By Sujit Chakraborty,
Agartala : Indian Railways, besides incurring additional costs, has had to confront unique challenges in laying tracks in the mountainous northeastern region due to its topography, soil and natural challenges, a top official has said.
According to Commissioner of Railway Safety (CRS-NE Circle) Shailesh Kumar Pathak, the landscape, soil conditions and other natural challenges forced the railways to spend much more money and to confront diverse challenges in the northeastern region, comprising eight hilly states.
“Compared to the northeastern region, the spending and the challenges are much less in the mainland states,” Pathak told IANS after examining newly-laid railway tracks in Tripura.
The Northeast Frontier Railway (NFR), one among the 17 railway zones in India, is responsible for extending the railway lines and maintaining train services in seven districts of West Bengal and five districts in north Bihar, besides the eight northeastern states, including Sikkim.
Pathak, a senior engineer of the Civil Aviation Ministry, said: “The NFR gets to work at optimum pace for only four to five months a year as the region records intense rain from March to end-October with the actual monsoon running from June to September. In the other states of India, the good working season is for at least eight months.”
“The northeastern states and large parts of the Himalayan region are siltation- and landslide-prone areas. The Railways has to take extra precautions to deal with the natural adversities. A lesser working period makes the job tougher for railway engineers and others,” he added.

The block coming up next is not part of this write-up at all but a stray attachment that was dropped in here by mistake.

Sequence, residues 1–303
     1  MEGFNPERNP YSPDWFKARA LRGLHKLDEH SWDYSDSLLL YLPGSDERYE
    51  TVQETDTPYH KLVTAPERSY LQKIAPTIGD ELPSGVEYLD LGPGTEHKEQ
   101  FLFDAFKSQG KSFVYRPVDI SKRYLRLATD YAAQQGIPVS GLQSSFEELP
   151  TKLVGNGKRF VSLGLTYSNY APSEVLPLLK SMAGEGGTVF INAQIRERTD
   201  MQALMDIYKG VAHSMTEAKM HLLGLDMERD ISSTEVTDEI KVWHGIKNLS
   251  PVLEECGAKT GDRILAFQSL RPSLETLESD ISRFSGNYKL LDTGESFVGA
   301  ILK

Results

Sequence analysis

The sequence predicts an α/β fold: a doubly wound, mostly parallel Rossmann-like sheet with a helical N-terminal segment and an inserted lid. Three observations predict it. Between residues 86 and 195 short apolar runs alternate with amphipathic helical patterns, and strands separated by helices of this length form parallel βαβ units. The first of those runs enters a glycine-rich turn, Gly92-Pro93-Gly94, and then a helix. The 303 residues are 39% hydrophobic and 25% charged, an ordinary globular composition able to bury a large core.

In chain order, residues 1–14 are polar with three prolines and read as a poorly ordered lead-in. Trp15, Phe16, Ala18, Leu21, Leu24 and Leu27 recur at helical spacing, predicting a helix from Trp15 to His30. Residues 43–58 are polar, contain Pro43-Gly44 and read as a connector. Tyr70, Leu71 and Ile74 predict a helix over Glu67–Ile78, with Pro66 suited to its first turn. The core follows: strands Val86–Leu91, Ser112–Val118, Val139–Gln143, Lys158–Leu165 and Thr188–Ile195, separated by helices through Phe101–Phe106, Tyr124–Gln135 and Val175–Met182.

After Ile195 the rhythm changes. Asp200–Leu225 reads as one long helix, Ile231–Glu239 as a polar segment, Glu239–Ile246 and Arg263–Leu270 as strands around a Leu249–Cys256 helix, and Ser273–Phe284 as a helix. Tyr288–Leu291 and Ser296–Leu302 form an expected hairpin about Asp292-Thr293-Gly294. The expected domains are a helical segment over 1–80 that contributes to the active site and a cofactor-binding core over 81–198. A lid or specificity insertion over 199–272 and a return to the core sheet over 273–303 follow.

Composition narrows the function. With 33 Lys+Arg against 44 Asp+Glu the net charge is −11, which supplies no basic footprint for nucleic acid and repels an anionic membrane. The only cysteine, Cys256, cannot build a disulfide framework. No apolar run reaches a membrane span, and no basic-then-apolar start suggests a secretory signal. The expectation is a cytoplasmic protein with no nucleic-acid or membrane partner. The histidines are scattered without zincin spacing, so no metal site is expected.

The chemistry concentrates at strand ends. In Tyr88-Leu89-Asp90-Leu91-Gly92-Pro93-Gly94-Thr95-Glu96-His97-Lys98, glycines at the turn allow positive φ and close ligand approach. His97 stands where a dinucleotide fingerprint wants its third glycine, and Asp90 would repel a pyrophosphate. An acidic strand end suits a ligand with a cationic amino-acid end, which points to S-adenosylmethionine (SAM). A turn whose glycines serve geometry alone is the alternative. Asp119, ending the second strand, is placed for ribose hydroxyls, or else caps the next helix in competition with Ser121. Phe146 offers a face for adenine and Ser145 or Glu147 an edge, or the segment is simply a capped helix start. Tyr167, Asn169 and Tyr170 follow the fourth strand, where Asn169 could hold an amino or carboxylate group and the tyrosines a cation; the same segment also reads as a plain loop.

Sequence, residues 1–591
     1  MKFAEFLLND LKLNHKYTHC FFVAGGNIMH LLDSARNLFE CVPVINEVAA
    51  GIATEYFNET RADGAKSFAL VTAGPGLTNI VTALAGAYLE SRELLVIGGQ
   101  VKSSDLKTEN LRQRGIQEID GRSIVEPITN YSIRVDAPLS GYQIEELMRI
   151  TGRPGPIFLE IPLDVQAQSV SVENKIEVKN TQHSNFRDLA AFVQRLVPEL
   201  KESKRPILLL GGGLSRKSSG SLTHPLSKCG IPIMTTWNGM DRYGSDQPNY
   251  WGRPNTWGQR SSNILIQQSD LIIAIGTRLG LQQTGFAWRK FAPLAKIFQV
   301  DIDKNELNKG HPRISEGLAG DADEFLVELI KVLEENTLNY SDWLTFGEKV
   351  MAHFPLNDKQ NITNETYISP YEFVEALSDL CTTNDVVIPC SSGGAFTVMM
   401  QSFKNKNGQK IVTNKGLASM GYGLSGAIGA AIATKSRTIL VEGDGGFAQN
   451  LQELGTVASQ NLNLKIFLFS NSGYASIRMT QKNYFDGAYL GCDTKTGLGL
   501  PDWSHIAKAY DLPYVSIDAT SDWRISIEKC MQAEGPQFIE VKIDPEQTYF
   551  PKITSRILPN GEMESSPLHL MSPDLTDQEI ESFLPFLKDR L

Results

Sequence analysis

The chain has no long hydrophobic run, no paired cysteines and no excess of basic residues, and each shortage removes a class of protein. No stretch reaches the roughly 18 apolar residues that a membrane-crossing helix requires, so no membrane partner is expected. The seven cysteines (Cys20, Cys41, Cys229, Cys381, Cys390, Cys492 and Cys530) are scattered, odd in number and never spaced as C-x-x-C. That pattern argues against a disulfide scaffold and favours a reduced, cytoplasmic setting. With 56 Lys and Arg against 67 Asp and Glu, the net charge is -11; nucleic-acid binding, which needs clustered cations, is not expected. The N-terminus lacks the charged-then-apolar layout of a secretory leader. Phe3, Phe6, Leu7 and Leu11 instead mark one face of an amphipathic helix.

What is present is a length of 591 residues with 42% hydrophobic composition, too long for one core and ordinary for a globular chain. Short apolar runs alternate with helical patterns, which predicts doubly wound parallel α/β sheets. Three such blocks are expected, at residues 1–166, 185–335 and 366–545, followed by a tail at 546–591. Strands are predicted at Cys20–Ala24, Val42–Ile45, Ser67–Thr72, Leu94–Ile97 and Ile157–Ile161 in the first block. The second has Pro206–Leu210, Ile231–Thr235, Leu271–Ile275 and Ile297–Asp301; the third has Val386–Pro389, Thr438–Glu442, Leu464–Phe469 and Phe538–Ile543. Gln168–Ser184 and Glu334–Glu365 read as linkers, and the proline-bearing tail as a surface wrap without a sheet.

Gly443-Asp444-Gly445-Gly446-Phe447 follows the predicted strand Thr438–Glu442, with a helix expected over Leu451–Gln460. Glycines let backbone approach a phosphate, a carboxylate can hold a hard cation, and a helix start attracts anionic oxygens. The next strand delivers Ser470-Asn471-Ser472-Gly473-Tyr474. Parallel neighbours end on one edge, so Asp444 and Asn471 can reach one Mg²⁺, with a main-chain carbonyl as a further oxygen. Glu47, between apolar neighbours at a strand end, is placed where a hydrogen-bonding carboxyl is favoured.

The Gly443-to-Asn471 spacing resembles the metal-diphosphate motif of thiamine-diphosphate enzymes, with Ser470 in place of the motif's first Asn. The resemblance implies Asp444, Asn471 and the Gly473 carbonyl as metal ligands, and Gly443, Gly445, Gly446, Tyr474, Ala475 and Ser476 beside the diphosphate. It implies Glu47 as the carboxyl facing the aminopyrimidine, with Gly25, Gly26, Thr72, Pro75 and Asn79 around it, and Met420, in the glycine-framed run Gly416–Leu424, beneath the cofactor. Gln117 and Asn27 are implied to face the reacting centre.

According to the official, the per-kilometre expenditure of laying single-line tracks in the northeastern region is Rs 9 to 12 crore while it is Rs 5 to 6 crore in the plains. Laying a double-line track in the northeast costs Rs 20 to 25 crores per kilometre against Rs 10 to 15 crore in the plains.
“Land acquisition, forest clearances, syndicate trouble and finding skilled workers are the other impediments in the northeastern and eastern region,” Pathak said.
He said that the NFR has been trying hard to extend the railway lines in three remaining capital cities of northeast India, excluding Meghalaya’s Shillong and Sikkim’s Gangtok, by 2020.
Assam’s main city of Guwahati, Tripura’s capital Agartala and Arunachal’s captal Itanagar already linked with the railway network.
“Due to land-related problems, the expansion of rail network in Meghalaya and Sikkim has turned into a non-starter. Work is on to extend the railway network in Manipur, Mizoram and Nagaland,” the official explained.
The NFR is also laying new railway tracks at three places along India-Bangladesh border in Tripura and that would facilitate the carriage of passengers and goods from the northeastern states on the Bangladeshi railway network.
With southern Tripura’s Sabroom just 75 km from the Chittagong seaport in southern Bangladesh, the projects, together worth Rs 1,150 crore, are to be completed by March 2019.
The Indian and Bangladeshi railways are laying 15 km of tracks at a cost of Rs 963 crore between Agartala and Akhaura in Bangladesh to link the networks of the two neighbours.
The NFR has already laid a 75-km rail line up to southern Tripura’s Belonia aiming to link the Bangladeshi network on the other side of the border in Feni district.
Work is also on to lay a 39-km line from Sabroom to the border.
The NFR’s Chief Administrative Officer, A.K. Yadav, said that due to the large number of rivulets and small rivers, many small, medium and big bridges, besides many tunnels, have to be built in the northeastern region.
“India’s longest 11.55 km rail tunnel is now under construction as part of the 111-km Jiribam-Tupul-Imphal line that ends in the Manipur capital. This is longer than the the 11.2 km Pir Panjal tunnel on the Banihal-Qazigund line in Jammu and Kashmir,” Yadav told IANS.
(Sujit Chakraborty can be contacted at email@example.com)